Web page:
... the pianist will play at something else. At a 6-hour stage rehearsal of "Kiss Me, Kate" the other night, I was happy to have brought along a package of Fudebiyori metallic brush pens (straight out of the mailbox) and a pad of Strathmore Artagain paper. The metallic sheen is fairly subtle in person, but not as subtle as this shows it to be. The colors look great on black.
Last week I had some fun lettering on a few rocks I had picked up in the yard. The few accounts I had read by people about this seemed to indicate that it was difficult. It's not. It's actually rather ... I was going to say "absorbing" but that would be silly. It's true that if I didn't mix the gouache thick enough, a line of dark appeared around each letter; this disappeared as the fluid dried. Rocks are actually quite lovely to write on. I tried sumi ink (Moon Palace), gold ink (Spectralite), gold watercolors (pans), white ink (Dr. Martin's), and gouache (Schmincke mixed with either extra gum arabic or glair; I didn't keep track of which container was which). They were all lovely to work with.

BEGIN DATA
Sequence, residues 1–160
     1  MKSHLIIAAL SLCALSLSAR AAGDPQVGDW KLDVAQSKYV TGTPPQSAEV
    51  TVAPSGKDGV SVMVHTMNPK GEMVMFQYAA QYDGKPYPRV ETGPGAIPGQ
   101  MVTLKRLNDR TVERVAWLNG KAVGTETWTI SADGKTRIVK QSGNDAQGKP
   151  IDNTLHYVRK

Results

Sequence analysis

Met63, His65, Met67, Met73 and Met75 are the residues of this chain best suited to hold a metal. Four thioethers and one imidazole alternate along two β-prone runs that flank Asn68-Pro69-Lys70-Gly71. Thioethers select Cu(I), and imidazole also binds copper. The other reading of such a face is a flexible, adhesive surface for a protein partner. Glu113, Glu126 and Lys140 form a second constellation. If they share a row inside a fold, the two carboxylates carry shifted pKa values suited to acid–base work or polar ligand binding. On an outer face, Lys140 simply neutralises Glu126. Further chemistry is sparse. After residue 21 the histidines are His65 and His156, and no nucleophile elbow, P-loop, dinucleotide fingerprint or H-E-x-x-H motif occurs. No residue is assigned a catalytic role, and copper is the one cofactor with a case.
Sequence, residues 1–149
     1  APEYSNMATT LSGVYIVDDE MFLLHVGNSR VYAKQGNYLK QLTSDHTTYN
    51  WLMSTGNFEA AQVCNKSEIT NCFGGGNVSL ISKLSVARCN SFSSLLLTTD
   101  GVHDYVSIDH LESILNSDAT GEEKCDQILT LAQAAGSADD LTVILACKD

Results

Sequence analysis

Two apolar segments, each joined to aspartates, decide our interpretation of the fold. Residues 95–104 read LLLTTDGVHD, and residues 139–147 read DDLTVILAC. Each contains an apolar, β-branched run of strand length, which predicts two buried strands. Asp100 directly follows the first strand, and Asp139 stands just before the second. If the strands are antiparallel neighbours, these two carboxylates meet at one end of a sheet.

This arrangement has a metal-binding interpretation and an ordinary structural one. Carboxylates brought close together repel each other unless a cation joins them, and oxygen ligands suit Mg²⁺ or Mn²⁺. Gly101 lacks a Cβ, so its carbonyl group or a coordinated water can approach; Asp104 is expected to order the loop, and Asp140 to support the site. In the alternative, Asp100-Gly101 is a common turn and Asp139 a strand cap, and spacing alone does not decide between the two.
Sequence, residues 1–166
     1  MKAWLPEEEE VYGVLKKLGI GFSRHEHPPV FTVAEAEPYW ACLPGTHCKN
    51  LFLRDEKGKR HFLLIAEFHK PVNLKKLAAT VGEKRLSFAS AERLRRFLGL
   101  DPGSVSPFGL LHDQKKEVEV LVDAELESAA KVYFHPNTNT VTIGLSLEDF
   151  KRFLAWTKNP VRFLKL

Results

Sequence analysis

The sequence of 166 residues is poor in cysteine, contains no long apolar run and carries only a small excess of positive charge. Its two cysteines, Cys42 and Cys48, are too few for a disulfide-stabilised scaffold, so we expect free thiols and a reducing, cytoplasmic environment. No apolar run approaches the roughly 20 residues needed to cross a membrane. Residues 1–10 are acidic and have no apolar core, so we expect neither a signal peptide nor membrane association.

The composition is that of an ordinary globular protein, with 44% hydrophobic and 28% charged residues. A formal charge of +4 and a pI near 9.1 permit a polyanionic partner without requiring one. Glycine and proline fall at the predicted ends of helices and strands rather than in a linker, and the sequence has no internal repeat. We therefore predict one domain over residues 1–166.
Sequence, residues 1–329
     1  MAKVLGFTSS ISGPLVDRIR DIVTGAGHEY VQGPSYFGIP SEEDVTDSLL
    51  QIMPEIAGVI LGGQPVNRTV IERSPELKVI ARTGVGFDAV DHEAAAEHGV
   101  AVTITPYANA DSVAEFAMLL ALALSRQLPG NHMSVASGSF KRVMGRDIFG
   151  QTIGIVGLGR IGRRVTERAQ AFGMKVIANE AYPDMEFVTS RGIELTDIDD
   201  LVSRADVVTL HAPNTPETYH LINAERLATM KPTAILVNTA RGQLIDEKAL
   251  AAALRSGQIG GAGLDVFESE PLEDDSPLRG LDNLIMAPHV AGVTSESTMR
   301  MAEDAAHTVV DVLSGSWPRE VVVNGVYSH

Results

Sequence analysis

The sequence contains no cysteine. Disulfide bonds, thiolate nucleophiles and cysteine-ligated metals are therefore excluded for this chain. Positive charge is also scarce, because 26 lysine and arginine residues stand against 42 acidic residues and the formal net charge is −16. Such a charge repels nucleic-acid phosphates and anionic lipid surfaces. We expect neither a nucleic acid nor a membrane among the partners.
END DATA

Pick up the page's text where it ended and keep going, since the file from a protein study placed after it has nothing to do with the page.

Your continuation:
I had a good time this weekend making awls for my students from a bag of sponge brushes and a paper of doll needles. The red duck tape should find it easy to find them in the studio 🙂
Here's what I did, step by step:
- Drill a hole in the end of each brush handle.
- With cutting pliers (snips?), cut off the eye end of the doll needle to a good length.
- Insert the needle in the drilled hole together with Loctite glue.
- Cut and apply a circle of duck tape to the needle end of the awl, piercing the tape with the needle. Clip curves and smooth allowance around the handle -- I pulled and attached every other clipped bit and then went back and attached the remaining ones to minimize bulk.
- Wrapped the handle with duck tape to secure the circle of duck tape at the end of the handle and make a nice surface to hold onto to.
Steps 4 and 5 aren't necessary, but the duck tape adds a nice finishing touch, I think.
I was going to remove the foam brush heads from each one, but then I decided hey! it can be a double-duty tool. When the foam brush is spent, you can either unscrew it and have a straight-up awl, or you can replace the brush head. Rather ingenious, if I say it myself.